US Veterans chief Shulkin 'improperly' took Wimbledon tickets
US Veterans Affairs Secretary David Shulkin improperly accepted Wimbledon tennis tickets and used tax dollars to fund a European trip, a report finds.
A report by the agency's inspector general also accused Mr Shulkin's top aide of doctoring an email to justify government-funded travel for his wife.
Mr Shulkin has refuted the charges. One US congressman has called for him to resign over "corruption and abuses".
Five Trump cabinet officials have faced ethics probes related to travel costs.
The Veteran Affairs (VA) administration's internal inspector general, Michael Missal, released a report on Wednesday finding that the secretary had received tickets to the Wimbledon women's final tennis match in July from an organiser for the Invictus Games - a sports tournament for wounded veterans founded by Prince Harry.
VA officials had told ethics advisers that the tickets were a gift of a personal friend, and thus allowed under government rules.
But the inspector found that Victoria Gosling, an adviser to the Invictus Games, could not recall Mr Shulkin's wife's first name when later asked by investigators.
He has also previously told the Washington Post that he had purchased the Wimbledon tickets.
Mr Missal also claims that Mr Shulkin's chief of staff doctored an email from an aide coordinating the trip to make it appear as though Mr Shulkin was receiving an award from the Danish government.
The email was allegedly doctored by Viveca Wright Simpson, the VA's third-most-senior official, in order to justify using taxpayer money to pay for Mr Shulkin's wife, Merle Bari, to travel to Europe for a nine-day trip.
Mrs Shulkin's flight cost $4,300 (£3,100) the report found.
US Congressman Mike Coffman called on Mr Shulkin to resign following the report.
Mr Missal also claims that a top VA aide made "extensive use of official time" to organise leisure activities for the secretary and his wife, and essentially acted as his "personal travel concierge".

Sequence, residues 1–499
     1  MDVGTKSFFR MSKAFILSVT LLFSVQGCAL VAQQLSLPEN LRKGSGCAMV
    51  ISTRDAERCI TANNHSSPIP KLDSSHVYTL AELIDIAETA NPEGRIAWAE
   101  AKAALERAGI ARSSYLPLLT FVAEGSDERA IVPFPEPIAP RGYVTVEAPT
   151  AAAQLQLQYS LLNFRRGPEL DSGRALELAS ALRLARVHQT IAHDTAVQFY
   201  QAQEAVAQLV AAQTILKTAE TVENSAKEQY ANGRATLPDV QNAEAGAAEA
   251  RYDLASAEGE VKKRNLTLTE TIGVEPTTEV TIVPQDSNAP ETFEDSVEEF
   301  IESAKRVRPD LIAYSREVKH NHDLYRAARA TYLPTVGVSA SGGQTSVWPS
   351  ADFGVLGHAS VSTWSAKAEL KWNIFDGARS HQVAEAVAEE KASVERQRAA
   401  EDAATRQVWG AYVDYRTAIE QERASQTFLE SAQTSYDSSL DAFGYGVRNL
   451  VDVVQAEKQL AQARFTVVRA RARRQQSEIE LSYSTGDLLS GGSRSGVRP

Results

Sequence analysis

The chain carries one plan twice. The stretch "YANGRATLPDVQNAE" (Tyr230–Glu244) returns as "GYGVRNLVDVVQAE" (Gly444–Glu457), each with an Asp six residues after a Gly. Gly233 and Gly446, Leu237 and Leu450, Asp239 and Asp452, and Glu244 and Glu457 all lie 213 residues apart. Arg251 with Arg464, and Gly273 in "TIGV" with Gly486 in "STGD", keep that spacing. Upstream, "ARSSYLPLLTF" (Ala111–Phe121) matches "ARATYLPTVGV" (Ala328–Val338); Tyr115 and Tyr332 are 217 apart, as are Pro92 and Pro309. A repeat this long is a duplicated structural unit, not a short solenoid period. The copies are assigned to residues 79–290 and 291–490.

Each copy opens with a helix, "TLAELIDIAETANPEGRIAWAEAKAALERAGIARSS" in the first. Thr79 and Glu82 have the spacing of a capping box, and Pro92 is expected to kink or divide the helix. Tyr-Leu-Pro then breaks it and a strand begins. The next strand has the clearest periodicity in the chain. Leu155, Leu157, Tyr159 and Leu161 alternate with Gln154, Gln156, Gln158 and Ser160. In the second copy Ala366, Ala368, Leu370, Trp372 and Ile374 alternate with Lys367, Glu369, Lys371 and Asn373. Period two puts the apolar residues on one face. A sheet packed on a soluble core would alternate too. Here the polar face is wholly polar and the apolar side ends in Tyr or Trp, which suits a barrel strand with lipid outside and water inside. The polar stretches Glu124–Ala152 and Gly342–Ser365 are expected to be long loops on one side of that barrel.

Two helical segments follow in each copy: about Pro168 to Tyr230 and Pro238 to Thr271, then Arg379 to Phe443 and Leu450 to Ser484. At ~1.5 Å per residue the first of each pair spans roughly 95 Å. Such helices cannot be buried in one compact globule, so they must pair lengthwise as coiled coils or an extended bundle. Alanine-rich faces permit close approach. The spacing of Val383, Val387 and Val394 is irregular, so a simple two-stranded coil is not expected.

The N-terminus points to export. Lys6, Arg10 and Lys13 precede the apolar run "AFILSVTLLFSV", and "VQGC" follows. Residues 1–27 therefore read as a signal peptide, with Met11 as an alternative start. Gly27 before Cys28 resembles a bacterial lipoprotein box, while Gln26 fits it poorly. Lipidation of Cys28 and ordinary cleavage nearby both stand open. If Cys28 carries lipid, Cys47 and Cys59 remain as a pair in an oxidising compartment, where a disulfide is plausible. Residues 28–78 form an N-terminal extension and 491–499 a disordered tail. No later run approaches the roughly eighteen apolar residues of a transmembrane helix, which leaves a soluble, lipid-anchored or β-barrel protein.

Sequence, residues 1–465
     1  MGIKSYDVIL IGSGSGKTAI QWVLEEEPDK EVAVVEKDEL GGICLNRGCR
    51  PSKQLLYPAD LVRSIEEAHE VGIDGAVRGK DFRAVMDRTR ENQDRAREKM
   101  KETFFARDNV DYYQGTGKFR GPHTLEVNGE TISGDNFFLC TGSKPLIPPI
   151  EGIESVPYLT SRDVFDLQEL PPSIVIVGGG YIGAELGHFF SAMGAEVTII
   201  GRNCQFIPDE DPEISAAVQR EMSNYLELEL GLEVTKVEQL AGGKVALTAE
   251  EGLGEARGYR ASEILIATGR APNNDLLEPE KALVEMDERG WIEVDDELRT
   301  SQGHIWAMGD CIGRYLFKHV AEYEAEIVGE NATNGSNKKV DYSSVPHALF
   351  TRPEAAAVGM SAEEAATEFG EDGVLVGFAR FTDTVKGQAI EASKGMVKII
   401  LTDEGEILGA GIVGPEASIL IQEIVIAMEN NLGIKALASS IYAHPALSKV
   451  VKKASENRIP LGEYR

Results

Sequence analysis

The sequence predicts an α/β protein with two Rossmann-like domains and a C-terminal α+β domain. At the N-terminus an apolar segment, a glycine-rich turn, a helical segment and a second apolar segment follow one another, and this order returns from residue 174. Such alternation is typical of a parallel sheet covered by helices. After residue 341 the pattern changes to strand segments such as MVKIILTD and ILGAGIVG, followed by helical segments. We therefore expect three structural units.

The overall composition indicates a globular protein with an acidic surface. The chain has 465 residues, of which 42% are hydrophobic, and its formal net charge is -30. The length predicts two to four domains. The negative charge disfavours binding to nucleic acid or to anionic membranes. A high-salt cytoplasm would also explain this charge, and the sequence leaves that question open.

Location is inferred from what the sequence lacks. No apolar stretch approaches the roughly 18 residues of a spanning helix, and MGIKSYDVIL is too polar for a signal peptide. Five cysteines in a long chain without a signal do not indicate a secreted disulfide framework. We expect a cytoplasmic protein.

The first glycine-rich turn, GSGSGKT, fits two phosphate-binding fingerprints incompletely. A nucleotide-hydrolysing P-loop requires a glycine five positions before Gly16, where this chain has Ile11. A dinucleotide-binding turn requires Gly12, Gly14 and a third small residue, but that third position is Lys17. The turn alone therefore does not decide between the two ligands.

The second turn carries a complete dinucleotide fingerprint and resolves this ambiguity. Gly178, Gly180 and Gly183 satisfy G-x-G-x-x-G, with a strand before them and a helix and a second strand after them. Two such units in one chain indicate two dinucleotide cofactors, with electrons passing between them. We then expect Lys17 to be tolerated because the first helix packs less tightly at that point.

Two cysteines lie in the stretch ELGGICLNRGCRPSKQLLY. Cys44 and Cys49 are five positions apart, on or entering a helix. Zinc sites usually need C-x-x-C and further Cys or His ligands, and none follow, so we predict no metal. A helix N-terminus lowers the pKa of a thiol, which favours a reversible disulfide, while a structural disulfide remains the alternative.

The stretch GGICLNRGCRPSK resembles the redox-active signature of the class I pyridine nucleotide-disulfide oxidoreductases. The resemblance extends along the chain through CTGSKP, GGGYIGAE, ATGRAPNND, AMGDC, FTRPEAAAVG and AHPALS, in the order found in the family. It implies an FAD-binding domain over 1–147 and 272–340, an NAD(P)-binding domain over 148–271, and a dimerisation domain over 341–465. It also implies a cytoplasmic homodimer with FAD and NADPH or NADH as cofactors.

"This was time that should have been spent conducting official VA business", the inspector wrote in the 84-page report.
"Although the [inspector general's office] cannot determine the value VA gained from the Secretary and his delegation's three and a half days of meetings in Copenhagen and London at a cost of at least $122,334, the investigation revealed serious derelictions by VA personnel," the watchdog found.
In a response to the report, dated 12 February, Mr Shulkin said the inspector's finding were "overall and entirely inaccurate".
"Your staff's conduct related to this investigation reeks of an agenda," he said.
"Your portrayal of this trip is overall and entirely inaccurate."
He is the latest Trump official to face allegations of improper expenses for their official travel. Others include:
- Tom Price resigned as Health and Human Services secretary in September 2017 amid a row over more than $400,000 in tax dollars spent on charter and luxury flights
- Interior Secretary Ryan Zinke was criticised by his agency's inspector general for not properly documenting his travel on private planes with his wife
- Treasury Secretary Steven Mnuchin faced an investigation after he was accused of spending more than $800,000 in tax dollars on military aircraft for leisure purposes
- Environmental Protection Agency (EPA) Administrator Scott Pruitt is currently being probed for his use of private planes and luxury airliners